Do You Have a Place For Me by Roxane Gay


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Do You Have a Place For Me by Roxane Gay


For her

We will meet even though we shouldn't. You steal away from yours and I will steal away from mine, not forever, not even for long and not for long enough. Halfway between you and me is a long ways away but there is a small town where we will not be seen, where we will hide in plain sight, where we will be strangers until we're not.
     We will find a motel, cheap but clean. In our room, there will be one bed, not very comfortable. We won't care. We will get ice from the ice machine in a bucket lined with a plastic bag. Also in the room, a wooden table, two chairs. We will sit and stare at each other, say nervous silly things, swallow the things that scare us.
     We will walk through the small town, looking for something to do. An old man at a gas station who will still pump your gas for you will say it's the hottest summer on record. We're in t-shirts and shorts and flip flops and we don't care about anyone seeing our thighs and we will shine with sweat. The old man will wipe his hands with a greasy towel he leaves tucked between his belt and his workpants. He will smile at us, suck his teeth, offer us cold sweaty bottles of soda and say dirty old man things. We will thank him for the weather report, decline the kind offer and be on our way. He will whistle high and long while watching us walk away.
     We will find a watering hole with what we call "personality," populated by people we don't know who are well acquainted with just how to hunch their bodies over the bar nursing the same watery drink hour after hour, singing each other the same sad songs. We will sit in a sticky booth at a table covered in strange markings and indentations, hastily written poems about hot motherfuckers and dirty bitches and girls named Shannon who are easy. We will eat French fries so hot little puffs of steam fill our mouths with each bite and greasy hamburgers congealed together with cheese that make our fingers slick and salty. We will complain about our diets and how we're ignoring them and how we're going to have to make amends with ourselves when we return to those from whom we have stolen away.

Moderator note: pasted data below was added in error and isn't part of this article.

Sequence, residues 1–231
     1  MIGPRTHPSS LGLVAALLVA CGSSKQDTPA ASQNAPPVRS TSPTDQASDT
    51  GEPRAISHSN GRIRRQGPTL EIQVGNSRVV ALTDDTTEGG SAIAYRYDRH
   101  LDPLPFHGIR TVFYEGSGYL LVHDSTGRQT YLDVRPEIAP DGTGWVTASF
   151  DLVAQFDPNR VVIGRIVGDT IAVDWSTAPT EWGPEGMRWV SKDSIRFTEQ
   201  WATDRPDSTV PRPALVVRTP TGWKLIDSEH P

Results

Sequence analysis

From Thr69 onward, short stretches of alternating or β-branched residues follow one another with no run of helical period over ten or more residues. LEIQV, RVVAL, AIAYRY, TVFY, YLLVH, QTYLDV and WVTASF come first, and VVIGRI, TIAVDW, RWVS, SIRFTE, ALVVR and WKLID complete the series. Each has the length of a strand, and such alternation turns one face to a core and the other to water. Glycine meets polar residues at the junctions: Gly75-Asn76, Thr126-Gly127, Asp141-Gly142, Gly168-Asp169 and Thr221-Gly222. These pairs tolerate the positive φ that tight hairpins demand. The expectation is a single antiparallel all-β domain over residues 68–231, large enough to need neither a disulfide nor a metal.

A young guy with lean, dark features will buy us drinks, lots of drinks, and sit with us, on my side of the booth and we'll stare at each other as he tries to charm us with lines we didn't fall for fifteen years ago and lines we won't fall for now because we already have men who make us plenty happy and other men we would choose before he ever crossed our minds. I will cross my legs beneath the table and you will tap your toes against my knee and that will feel so good, better than I will ever be able to tell you. I will reach under the table. I will reach for some part of you. You will find my hand with yours. I will nod and chew on gin-soaked ice cubes. We will go to the bathroom and hide in a stall, and I will grab you by the waist and pull you against me and I won't think, I'll just feel your body pressed against mine and we'll kiss sloppy and awkward until we can't breathe and the walls feel like they're pressing in on us and all I can hear is a high-pitched ringing as the whole world tilts. I will leave first, try to straighten my clothes, get it together, but I'll still feel you on my skin. We'll sit back down in our booth and we'll continue to stare at each other and drink, more, faster, and I'll chew on more gin-soaked ice cubes, bite down on the glass rim. Much later, we will tell the young man thank you when he compliments us and no thank you when he asks for our numbers and he will sulk away. When your favorite song comes on, you'll pull me to my feet and we'll dance next to our table with our hands in the air. We will be bright lights and spectacle. I will think these are those better days.